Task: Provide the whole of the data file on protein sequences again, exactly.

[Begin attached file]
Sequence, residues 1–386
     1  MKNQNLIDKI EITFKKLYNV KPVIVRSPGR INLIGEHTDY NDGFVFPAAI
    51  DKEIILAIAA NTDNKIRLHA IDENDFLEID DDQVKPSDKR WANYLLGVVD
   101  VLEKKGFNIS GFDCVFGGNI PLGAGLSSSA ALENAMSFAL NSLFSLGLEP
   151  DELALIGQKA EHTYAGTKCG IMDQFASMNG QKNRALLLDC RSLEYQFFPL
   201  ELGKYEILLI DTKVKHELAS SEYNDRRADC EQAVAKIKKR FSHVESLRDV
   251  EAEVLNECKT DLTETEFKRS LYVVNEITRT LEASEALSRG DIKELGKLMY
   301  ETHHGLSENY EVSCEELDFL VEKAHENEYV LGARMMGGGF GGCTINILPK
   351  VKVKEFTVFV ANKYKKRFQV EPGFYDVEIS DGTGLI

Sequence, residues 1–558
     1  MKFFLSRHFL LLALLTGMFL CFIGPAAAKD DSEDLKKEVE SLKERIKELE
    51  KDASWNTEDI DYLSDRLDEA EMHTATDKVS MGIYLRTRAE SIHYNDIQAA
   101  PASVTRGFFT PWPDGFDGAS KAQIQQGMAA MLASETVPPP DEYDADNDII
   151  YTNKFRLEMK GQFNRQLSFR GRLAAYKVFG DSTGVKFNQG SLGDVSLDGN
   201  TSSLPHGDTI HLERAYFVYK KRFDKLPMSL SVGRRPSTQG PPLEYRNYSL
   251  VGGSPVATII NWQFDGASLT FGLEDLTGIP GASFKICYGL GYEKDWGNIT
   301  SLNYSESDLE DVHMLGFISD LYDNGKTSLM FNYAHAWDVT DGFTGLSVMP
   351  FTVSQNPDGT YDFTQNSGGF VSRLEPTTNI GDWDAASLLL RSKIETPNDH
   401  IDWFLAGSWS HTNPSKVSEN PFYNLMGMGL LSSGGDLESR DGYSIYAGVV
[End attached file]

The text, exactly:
Sequence, residues 1–386
     1  MKNQNLIDKI EITFKKLYNV KPVIVRSPGR INLIGEHTDY NDGFVFPAAI
    51  DKEIILAIAA NTDNKIRLHA IDENDFLEID DDQVKPSDKR WANYLLGVVD
   101  VLEKKGFNIS GFDCVFGGNI PLGAGLSSSA ALENAMSFAL NSLFSLGLEP
   151  DELALIGQKA EHTYAGTKCG IMDQFASMNG QKNRALLLDC RSLEYQFFPL
   201  ELGKYEILLI DTKVKHELAS SEYNDRRADC EQAVAKIKKR FSHVESLRDV
   251  EAEVLNECKT DLTETEFKRS LYVVNEITRT LEASEALSRG DIKELGKLMY
   301  ETHHGLSENY EVSCEELDFL VEKAHENEYV LGARMMGGGF GGCTINILPK
   351  VKVKEFTVFV ANKYKKRFQV EPGFYDVEIS DGTGLI

Sequence, residues 1–558
     1  MKFFLSRHFL LLALLTGMFL CFIGPAAAKD DSEDLKKEVE SLKERIKELE
    51  KDASWNTEDI DYLSDRLDEA EMHTATDKVS MGIYLRTRAE SIHYNDIQAA
   101  PASVTRGFFT PWPDGFDGAS KAQIQQGMAA MLASETVPPP DEYDADNDII
   151  YTNKFRLEMK GQFNRQLSFR GRLAAYKVFG DSTGVKFNQG SLGDVSLDGN
   201  TSSLPHGDTI HLERAYFVYK KRFDKLPMSL SVGRRPSTQG PPLEYRNYSL
   251  VGGSPVATII NWQFDGASLT FGLEDLTGIP GASFKICYGL GYEKDWGNIT
   301  SLNYSESDLE DVHMLGFISD LYDNGKTSLM FNYAHAWDVT DGFTGLSVMP
   351  FTVSQNPDGT YDFTQNSGGF VSRLEPTTNI GDWDAASLLL RSKIETPNDH
   401  IDWFLAGSWS HTNPSKVSEN PFYNLMGMGL LSSGGDLESR DGYSIYAGVV